Cleaning the interior of my car is as important to me as
the exterior, because when I’m with my car, I’m mostly inside
behind the wheel.
I want the cabin to look, smell, and, more importantly,
For today’s interior detailing episode, we’re going to cover
a variety of techniques.
Some are very basic and easy and can be done for under $20,
while other techniques are more advanced and will require
additional cleaning tools.
We’re going to go over a lot of information today, so be
sure and check out ammonyc.com for a free a downloadable PDF
with a listing of these step-by-step instructions.
Having the right tools is key to doing an interior detail.
On this side here, we have microfiber towels.
We have brushes and, of course, a few products.
This would be considered the weekend warrior side of the
Over here, we have our professional.
We have big, heavy vacuums, ozone machines.
We have Porter cables with brushes on them, steam
machines, and hot water extractor.
Whatever tool fits your budget, time, and the amount
of cars and condition that you’re working with, these are
all great options for your interior detailing.
Once all miscellaneous items are removed from the interior,
the first and most basic technique for cleaning
leather, plastics, and vinyl is with a designated interior
cleaner and a microfiber towel.
Apply a few squirts to a clean microfiber towel.
Then wipe away the dirt with medium pressure.
In some cases, this may be enough to clean the material
However, this Lexus requires another few steps because of
its heavy dirt and grime.
For step two, add your interior cleanser to a soft
bristle brush and agitate until foamy lather is created.
Unlike painted surfaces, circles can be used on leather
with your interior brush.
Don’t allow the cleaner to dry on the surface, as the dirt is
suspended within the lather you’ve created.
Immediately wipe with a microfiber tower.
After step two, most interiors are back in shape.
But in rare cases, technique three may be required.
Although this section of the side bolster looks much
better, there are small areas that need a little extra help.
For technique three, apply two squirts of your cleaner to an
interior scrub pad with light pressure, and in straight
lines, work the remaining blemish until the surface is
Remember to avoid pushing too hard and be aware of old and
brittle surfaces, as this is an aggressive cleaning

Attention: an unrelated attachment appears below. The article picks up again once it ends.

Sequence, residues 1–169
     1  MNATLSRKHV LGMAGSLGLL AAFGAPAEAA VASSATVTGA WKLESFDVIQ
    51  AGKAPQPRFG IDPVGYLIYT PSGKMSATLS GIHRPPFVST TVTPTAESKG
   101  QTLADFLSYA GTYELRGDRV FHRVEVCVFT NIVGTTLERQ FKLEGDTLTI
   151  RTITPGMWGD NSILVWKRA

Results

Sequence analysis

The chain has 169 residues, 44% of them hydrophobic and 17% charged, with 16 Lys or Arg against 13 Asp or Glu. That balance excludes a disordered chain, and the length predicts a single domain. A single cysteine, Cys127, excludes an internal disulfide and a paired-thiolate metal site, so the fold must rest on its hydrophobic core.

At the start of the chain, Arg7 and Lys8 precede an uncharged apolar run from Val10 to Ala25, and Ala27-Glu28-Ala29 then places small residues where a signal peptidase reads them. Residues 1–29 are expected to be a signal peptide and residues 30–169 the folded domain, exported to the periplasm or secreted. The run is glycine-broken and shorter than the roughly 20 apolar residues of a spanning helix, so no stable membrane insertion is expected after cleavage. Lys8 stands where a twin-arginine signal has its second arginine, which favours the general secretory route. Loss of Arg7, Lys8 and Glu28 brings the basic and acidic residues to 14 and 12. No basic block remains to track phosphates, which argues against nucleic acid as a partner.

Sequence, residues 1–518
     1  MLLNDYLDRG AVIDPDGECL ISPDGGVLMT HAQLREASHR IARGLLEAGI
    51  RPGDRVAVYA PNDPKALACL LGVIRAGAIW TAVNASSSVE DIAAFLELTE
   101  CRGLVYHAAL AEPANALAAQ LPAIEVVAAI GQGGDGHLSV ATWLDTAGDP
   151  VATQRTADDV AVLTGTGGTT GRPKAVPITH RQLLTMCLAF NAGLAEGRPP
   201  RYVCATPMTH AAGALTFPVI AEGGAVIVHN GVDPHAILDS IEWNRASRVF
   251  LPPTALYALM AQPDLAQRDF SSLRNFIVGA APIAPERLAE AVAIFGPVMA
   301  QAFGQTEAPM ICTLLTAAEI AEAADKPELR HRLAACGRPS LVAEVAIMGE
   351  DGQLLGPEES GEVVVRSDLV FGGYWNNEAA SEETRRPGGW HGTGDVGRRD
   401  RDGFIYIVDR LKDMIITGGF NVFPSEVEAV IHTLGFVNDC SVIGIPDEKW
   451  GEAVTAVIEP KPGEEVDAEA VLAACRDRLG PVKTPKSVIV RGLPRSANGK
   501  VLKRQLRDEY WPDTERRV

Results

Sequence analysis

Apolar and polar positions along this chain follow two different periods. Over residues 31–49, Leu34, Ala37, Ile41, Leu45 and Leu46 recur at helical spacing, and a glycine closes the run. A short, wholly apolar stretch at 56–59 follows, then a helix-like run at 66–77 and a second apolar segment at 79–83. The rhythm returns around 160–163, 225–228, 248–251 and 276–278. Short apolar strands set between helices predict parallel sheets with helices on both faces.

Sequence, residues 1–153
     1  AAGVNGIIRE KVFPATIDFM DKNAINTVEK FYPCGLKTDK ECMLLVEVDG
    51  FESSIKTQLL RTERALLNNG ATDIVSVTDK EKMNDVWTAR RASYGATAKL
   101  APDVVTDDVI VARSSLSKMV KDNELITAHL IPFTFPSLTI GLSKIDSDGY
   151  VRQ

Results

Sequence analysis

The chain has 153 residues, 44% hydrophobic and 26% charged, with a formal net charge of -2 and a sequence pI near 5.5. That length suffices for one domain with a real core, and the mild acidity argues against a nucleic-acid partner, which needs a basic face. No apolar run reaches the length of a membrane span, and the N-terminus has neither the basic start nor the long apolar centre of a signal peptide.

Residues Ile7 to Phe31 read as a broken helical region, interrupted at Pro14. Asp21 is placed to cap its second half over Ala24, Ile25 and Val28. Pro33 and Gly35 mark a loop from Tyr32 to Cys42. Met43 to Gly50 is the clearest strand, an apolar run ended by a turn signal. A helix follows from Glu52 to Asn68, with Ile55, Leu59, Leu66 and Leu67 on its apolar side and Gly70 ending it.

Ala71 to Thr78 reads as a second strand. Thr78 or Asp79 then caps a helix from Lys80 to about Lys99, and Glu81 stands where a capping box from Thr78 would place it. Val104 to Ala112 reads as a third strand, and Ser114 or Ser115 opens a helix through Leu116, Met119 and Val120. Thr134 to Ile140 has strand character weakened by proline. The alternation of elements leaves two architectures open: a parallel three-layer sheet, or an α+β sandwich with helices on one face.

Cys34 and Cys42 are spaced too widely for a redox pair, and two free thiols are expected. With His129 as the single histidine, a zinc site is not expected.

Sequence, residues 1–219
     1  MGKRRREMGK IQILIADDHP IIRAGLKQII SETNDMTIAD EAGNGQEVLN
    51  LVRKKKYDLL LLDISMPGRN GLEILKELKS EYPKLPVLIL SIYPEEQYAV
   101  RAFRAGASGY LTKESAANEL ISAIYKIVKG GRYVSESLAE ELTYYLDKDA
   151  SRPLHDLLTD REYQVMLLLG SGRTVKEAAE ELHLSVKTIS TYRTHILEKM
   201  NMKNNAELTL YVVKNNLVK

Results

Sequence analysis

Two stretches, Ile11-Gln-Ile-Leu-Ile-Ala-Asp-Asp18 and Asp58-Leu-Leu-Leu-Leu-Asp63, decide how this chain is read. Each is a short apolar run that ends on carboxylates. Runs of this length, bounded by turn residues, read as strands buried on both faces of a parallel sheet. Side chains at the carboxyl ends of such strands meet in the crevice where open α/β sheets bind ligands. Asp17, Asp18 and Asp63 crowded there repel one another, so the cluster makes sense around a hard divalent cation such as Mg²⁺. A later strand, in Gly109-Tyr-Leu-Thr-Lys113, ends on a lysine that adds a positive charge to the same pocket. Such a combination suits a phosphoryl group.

technique reserved for difficult stains.
Much like paint, always work your way up from the least
aggressive technique until you find the method that works
best on that particular staining or material.
When cleaning most steering wheels, I prefer to use the
interior brush on wrapped leather because of the exposed
stitching that is easily cleaned with the
hairs of the brush.
Work in small areas to avoid premature drying, and use a
microfiber towel to grip the wheel and wipe it clean.
It’s common for the steering wheel to feel slightly sticky
after it’s been cleaned because the dirt and oils from
the driver’s hands have been removed, leaving behind a
clean, non-greasy texture.
When dust accumulates on the dashboard, simply add two
squirts of the interior cleaner and wipe with a
In most cases, using a brush or a scrub pad is unnecessary.
Much like the steering wheel, the armrest contains the most
body oils and sweat.
In this example, I used all three techniques to show what
can be achieved after just a few minutes of carefully
lifting and removing embedded dirt and oils.
Besides the obvious color change from dirty to clean,
notice the difference in sheen.
The clean side has a natural matte finish, while the dirty
has a shiny or light-reflective quality
that’s common on greasy surfaces.
If you have access to a steamer, it can be extremely
helpful on center consoles, cup holders, and plastic seams
because of the 65 to 70 psi it creates with
low residual water.
A simple microfiber towel, along with your brush, is also
an effective method for cleaning around buttons,
shifter booths, and cup holders if
don’t have a steamer.
Headliners can be tricky to clean because they are thinner
and generally the most delicate material used on the